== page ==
In a situation like that, we would never look for a place of judgment, but on the contrary, we would look for people to comfort us and places where we are always welcome, no matter what. Now, though we may not have realized it at the time, those people and places became sacred space for us- space where the noise of the world was muffled, the flashes of lightning were hidden, places where we could be as vulnerable as we needed to be and where the warmth of another human being insulated us from the coldness of the outside world, even if only for a little while.

So I wonder, where is your safe place today? Do you have a sacred space where you can go whether you are feeling happy or sad or confused or broken? Have you found a person or a group of people who invite you to come as you are, in whatever condition you are in, who will love and care about you no matter what, and who, when you are strong enough, will challenge you to be the best you that you can be?

In our scripture readings today, we heard about the “unity” part of “community.” But the reading talked about a lot more than simple unity. It spoke to the utter joy and amazement that comes from a feeling of unity and from a place where all are welcomed and all are celebrated. The Psalmist says “How very good and pleasant it is when kindred live together in unity!   It is like the precious oil on the head, running down upon the beard, on the beard of Aaron, running down over the collar of his robes.”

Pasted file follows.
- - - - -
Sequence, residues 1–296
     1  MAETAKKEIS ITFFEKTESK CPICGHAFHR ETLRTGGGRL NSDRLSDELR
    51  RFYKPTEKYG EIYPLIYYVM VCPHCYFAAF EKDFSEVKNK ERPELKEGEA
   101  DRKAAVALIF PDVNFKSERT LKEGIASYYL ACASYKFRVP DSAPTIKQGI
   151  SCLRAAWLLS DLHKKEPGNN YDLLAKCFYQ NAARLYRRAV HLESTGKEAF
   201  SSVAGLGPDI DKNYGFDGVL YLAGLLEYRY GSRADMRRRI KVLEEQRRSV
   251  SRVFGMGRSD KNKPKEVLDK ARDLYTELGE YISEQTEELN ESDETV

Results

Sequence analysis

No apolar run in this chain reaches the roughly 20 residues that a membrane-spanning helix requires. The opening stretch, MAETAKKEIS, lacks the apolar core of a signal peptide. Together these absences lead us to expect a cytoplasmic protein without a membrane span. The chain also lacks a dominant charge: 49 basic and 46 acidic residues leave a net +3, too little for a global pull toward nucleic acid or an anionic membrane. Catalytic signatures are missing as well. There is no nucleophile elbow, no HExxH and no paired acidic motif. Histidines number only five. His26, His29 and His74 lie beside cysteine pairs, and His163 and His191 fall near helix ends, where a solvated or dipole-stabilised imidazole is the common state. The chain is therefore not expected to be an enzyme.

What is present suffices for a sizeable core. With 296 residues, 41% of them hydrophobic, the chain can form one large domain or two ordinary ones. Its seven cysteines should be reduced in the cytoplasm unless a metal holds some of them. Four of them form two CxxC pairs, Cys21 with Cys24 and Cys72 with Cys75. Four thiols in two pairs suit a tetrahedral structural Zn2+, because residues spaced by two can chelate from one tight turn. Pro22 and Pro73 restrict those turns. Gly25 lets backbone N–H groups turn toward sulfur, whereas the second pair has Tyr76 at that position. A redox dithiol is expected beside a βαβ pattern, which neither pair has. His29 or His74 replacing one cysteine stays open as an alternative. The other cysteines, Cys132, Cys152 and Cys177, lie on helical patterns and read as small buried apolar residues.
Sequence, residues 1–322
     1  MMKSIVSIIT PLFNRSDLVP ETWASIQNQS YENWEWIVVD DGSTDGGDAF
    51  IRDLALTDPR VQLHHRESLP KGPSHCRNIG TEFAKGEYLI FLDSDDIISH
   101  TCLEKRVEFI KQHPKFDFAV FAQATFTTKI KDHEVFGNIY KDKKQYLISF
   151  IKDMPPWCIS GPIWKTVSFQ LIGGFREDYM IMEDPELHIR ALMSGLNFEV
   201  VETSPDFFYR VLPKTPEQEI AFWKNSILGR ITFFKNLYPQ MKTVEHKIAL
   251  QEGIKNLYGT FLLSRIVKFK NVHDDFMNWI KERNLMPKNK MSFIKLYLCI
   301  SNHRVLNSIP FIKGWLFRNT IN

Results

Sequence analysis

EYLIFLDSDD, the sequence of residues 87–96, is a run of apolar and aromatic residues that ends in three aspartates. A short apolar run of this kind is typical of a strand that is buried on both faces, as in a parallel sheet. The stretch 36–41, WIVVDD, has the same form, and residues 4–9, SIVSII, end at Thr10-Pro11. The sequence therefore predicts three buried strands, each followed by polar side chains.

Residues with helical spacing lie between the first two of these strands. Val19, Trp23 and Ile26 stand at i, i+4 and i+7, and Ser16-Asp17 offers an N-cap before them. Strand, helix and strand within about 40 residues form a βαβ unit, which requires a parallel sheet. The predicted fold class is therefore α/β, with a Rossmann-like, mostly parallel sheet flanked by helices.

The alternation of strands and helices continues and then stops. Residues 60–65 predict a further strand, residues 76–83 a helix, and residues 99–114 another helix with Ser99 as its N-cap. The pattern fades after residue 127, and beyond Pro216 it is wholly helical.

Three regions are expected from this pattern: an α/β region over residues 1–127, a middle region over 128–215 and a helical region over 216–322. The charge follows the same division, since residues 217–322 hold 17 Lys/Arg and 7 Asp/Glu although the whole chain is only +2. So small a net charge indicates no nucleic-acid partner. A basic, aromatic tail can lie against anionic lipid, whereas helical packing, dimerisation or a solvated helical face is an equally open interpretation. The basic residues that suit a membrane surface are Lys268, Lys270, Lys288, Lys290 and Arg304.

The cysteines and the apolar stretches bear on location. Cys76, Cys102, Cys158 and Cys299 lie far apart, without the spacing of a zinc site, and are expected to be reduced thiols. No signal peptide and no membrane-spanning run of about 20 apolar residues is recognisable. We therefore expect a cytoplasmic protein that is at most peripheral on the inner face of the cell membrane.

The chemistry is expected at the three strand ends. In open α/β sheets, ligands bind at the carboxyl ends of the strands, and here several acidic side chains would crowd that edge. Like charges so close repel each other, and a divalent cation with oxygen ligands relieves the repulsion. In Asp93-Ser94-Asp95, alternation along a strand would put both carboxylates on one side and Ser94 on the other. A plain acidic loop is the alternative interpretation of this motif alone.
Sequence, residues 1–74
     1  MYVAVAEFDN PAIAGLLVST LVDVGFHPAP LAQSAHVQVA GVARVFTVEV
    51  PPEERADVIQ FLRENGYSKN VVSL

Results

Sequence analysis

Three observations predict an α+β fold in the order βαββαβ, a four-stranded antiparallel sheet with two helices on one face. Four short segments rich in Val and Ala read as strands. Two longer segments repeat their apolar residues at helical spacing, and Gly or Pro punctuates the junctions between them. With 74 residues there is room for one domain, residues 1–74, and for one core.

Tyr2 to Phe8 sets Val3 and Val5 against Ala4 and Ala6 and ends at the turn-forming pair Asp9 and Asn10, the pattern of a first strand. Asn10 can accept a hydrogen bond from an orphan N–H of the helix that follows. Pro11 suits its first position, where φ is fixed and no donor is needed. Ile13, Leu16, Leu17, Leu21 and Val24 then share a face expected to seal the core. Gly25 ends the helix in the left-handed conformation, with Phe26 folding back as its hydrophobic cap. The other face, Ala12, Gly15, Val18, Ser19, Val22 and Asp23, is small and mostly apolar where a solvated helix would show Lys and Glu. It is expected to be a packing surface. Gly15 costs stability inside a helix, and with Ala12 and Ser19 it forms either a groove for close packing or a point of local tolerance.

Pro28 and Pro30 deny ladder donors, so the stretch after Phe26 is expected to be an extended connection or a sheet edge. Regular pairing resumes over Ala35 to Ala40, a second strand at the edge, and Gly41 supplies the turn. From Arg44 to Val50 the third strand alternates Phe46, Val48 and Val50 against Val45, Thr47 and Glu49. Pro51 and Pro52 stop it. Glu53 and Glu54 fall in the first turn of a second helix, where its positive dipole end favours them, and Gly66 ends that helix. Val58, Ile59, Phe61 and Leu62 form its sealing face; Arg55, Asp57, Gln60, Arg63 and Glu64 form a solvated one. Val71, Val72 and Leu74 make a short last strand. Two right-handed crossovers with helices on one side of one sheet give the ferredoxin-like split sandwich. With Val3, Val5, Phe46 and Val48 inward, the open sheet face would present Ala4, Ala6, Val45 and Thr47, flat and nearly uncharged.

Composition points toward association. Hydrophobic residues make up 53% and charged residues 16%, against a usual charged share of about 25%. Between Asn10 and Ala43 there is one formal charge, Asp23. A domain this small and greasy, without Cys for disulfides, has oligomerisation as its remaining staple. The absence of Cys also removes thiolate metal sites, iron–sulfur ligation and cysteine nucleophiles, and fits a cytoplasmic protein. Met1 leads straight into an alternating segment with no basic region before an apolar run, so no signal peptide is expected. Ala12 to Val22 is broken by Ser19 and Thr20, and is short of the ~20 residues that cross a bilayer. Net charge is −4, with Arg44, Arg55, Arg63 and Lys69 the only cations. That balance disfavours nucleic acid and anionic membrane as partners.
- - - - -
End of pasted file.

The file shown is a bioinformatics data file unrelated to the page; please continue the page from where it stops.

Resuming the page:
Now to many of us, the thought of having oil poured over our head until it drips down our face and onto our clothing sounds terrible. What a mess! But the truth is, in ancient times, oil was a symbol of joy and celebration, and sacred oil which was mixed with fragrant spices was kept only for the anointing of high priests. Ordinary high priests would be carefully sprinkled with the fine oil. But there was such joy and celebration in the community at the naming and consecrating of Aaron as high priest, that the sacred oil was poured generously over his head until it ran down his beard and onto his robes. If you remember, Aaron was the brother of Moses and the very first one to be named high priest. He was the one that brought together the twelve tribes of Israel, and what an amazing way for Aaron’s community to show their love and support for him.